|By G. Michael Dobbs|
SPRINGFIELD – With 12 percent of the state’s refugee population in Springfield, the city’s schools have a “very difficult challenge” in educating the almost 700 refugee children, according the School Superintendent Daniel Warwick.
Warwick set up an example of what the schools must take on: a 14-year-old who has never been in any school and who has lived his or her entire life in refugee camps. There are children, he noted, who until coming to Springfield have never seen running water.
Warwick said it’s not just the education of a child, but helping that child adjust to life in a new world.
Serving a student population of almost 90 percent in poverty already, Warwick said that adjoining communities need to consider taking on “their fair share of the burden.”
“The point is we just don’t have the resources [as a city],” he told Reminder Publications.
Mayor Domenic Sarno sent a letter to federal refugee resettlement officials last month asking them to stop bringing refuges to Springfield. Sarno was criticized for his statements by refugee resettlement programs and local clergy.
Warwick stressed that he, whose mother was an immigrant, and Sarno, who is a first generation American, are extremely sympathetic to the plight of immigrants and refugees, but the issue has come down to funding.
The superintendent explained the refugee students require “intense tutelage,” English as a Second Language classes and translators. He added there are 55 languages spoken by the city’s students.
After each student is evaluated, a program is designed for that child, Warwick explained. The students are frequently in extended day programs and attend summer school to help catch up.
The students are often taught in a Sheltered English Immersion Program. The result is a cost per student that is twice the cost for an average pupil.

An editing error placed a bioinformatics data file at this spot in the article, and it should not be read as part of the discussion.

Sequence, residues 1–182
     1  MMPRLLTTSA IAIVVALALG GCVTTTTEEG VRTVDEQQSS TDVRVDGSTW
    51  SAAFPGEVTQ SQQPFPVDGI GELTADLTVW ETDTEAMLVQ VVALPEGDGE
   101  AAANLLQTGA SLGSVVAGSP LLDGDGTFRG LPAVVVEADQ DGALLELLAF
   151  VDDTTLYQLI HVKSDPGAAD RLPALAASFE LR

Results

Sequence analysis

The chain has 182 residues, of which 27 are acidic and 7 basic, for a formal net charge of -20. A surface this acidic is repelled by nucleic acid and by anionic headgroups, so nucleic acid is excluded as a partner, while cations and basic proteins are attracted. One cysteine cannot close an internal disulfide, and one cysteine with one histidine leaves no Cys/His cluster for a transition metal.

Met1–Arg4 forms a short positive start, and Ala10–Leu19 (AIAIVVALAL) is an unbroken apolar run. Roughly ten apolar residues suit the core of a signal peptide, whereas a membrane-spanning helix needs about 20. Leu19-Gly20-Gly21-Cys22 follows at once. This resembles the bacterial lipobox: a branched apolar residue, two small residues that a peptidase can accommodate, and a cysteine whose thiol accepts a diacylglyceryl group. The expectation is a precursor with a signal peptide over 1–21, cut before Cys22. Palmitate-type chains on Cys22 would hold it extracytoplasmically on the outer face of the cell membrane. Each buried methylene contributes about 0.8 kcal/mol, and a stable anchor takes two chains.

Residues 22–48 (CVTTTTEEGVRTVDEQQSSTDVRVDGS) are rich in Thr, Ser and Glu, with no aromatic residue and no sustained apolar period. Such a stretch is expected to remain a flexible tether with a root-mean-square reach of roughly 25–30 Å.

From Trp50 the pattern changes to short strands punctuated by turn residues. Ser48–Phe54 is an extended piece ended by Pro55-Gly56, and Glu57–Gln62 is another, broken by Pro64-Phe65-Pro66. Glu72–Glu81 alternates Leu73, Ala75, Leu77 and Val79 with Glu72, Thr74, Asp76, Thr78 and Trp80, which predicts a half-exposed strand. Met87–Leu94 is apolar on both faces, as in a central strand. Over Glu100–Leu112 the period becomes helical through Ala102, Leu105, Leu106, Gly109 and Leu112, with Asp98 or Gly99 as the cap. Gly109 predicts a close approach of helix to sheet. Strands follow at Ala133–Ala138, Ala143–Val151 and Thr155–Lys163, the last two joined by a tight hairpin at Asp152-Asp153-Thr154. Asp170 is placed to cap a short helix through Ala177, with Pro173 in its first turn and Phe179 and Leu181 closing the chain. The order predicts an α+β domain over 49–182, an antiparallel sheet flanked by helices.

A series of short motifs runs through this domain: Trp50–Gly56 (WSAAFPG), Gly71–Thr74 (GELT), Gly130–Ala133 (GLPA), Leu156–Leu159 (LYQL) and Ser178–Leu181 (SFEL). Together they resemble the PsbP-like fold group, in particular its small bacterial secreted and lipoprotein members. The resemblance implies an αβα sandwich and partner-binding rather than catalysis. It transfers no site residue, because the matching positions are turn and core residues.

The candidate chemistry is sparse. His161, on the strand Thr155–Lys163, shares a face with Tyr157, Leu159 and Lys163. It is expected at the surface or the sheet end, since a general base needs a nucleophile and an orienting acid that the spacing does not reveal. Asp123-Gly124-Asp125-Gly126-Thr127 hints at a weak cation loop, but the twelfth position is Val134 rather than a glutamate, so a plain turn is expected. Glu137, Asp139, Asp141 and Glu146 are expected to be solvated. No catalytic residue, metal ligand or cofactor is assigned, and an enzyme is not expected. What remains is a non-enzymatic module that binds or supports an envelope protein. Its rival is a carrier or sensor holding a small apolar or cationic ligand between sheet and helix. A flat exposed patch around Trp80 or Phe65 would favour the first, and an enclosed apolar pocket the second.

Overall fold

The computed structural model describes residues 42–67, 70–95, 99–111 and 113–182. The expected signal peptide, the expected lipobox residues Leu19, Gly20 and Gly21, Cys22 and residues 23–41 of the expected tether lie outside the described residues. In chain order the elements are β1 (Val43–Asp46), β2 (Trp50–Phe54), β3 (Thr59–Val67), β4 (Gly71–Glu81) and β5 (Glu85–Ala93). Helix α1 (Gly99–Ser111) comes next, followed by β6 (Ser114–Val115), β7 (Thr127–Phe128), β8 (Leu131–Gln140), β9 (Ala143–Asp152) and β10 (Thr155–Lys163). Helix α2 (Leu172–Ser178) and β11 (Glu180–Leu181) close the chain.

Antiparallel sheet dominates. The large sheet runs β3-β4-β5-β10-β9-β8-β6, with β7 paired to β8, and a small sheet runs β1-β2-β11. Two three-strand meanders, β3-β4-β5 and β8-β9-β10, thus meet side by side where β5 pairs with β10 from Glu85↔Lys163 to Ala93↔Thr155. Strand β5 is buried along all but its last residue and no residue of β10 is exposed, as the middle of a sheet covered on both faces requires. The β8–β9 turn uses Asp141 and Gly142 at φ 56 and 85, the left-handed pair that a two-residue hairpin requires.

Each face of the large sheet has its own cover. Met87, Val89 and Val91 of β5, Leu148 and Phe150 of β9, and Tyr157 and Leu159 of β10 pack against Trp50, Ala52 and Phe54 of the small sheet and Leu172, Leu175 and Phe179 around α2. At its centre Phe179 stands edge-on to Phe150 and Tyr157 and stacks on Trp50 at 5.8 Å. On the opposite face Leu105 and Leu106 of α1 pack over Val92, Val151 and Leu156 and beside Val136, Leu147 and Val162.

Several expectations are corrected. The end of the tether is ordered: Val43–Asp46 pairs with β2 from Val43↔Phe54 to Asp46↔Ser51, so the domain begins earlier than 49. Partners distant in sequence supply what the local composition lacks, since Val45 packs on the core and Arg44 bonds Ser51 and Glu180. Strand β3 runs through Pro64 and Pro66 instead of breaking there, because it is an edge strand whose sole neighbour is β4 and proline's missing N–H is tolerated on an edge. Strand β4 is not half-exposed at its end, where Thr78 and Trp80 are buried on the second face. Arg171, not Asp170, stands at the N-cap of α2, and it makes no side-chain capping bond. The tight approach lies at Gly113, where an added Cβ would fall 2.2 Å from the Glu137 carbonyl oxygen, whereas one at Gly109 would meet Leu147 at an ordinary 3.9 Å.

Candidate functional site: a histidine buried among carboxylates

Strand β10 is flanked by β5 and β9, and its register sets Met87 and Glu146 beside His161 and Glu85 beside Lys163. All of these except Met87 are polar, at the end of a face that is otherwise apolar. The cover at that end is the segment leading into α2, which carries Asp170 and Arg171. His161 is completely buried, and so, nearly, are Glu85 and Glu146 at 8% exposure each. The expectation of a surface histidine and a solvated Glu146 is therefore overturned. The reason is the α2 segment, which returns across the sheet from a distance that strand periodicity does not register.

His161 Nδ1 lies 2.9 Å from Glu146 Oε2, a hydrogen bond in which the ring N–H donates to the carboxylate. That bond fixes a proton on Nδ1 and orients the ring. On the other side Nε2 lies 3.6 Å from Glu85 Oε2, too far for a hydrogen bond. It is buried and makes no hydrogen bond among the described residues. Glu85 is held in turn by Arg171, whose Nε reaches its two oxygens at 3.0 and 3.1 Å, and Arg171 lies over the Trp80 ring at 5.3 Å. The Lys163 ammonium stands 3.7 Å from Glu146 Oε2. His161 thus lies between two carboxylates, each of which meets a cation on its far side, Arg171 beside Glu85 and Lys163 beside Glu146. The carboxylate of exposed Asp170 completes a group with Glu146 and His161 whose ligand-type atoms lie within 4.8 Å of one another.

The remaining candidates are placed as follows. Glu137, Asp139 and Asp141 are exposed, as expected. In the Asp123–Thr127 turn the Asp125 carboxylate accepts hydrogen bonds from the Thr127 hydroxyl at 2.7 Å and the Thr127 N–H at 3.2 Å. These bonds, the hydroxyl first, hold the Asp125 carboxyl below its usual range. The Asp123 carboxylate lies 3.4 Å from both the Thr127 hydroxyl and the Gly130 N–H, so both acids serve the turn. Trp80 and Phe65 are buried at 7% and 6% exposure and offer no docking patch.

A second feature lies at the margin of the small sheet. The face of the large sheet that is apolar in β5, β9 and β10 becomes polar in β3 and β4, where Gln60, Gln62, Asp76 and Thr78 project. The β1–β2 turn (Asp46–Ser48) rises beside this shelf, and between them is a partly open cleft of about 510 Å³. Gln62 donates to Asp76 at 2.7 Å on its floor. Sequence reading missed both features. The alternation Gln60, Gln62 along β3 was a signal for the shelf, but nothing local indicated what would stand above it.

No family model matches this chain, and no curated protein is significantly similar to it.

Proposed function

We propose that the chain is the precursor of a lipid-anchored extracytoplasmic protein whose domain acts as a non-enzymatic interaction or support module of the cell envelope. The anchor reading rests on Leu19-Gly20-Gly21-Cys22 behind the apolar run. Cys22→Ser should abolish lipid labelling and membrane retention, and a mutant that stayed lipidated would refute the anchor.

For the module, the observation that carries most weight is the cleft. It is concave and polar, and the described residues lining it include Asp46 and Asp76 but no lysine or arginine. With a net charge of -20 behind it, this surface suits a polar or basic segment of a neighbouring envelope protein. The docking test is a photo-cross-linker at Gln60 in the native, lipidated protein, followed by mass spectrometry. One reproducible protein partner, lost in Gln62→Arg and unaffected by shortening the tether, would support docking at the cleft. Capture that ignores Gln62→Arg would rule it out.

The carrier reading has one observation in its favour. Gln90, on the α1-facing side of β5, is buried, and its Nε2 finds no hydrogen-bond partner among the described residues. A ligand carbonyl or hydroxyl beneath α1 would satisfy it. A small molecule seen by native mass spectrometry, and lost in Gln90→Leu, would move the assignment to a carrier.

The district already has challenges – it is the second largest in the state, has a high rate of English as a Second Language students – 20 percent – and a rate of 20 percent special needs students.
State education officials expect all students to pass the Massachusetts Comprehensive Assessment System (MCAS) regardless of their circumstances, Warwick added.
Although the cost of refugee students is greater, the city is not receiving additional funding from the state to pay for the programs. Warwick explained the state’s Chapter 70 funding pays for the year past, and “it doesn’t cover the cost of the refugee’s education.”
Springfield just meets the minimum set by the state for per student spending, Warwick said, and 85 percent of the district’s funding comes from the state. The remaining 15 percent comes from the city through property taxes, which he noted, are at their limit.
Regardless of the financial challenges, Warwick said, “We will do everything we can to give them everything they deserve.”
He said there are some issues with discipline with some of the students.
“You can’t imagine the trauma these kids have experienced in these camps,” Warwick said.
School officials also assist in helping the children, their parents and their families achieve access to social services. Many of the refugee programs, Warwick noted, that bring the refugees here only offer a three-month period of assistance.
He added that some schools have “adopted” the refugee families to give them greater support as they adapt to life in the United States.
On Aug. 28, Sarno received a reply for his letter requesting a moratorium on additional refugee placements in the city from Barabra Day, the Domestic Resettlement Section chief of the Office of Admissions, Bureau of Population, Refugees and Migration (PRM), United States Department of State.
Day wrote, “I have been in communication with the Massachusetts state refugee coordinator’s office and had a lengthy conversation with your city attorney concerning the process of refugee placements in local communities and the issues you have raised. PRM applauds your efforts to convene meeting with the resettlement providers and we look forward to learning the outcomes of these discussions.”
Day added the information Sarno sent her “will be taken into consideration during our formal review” of the three proposals to bring refugees into the area for fiscal year 2014.
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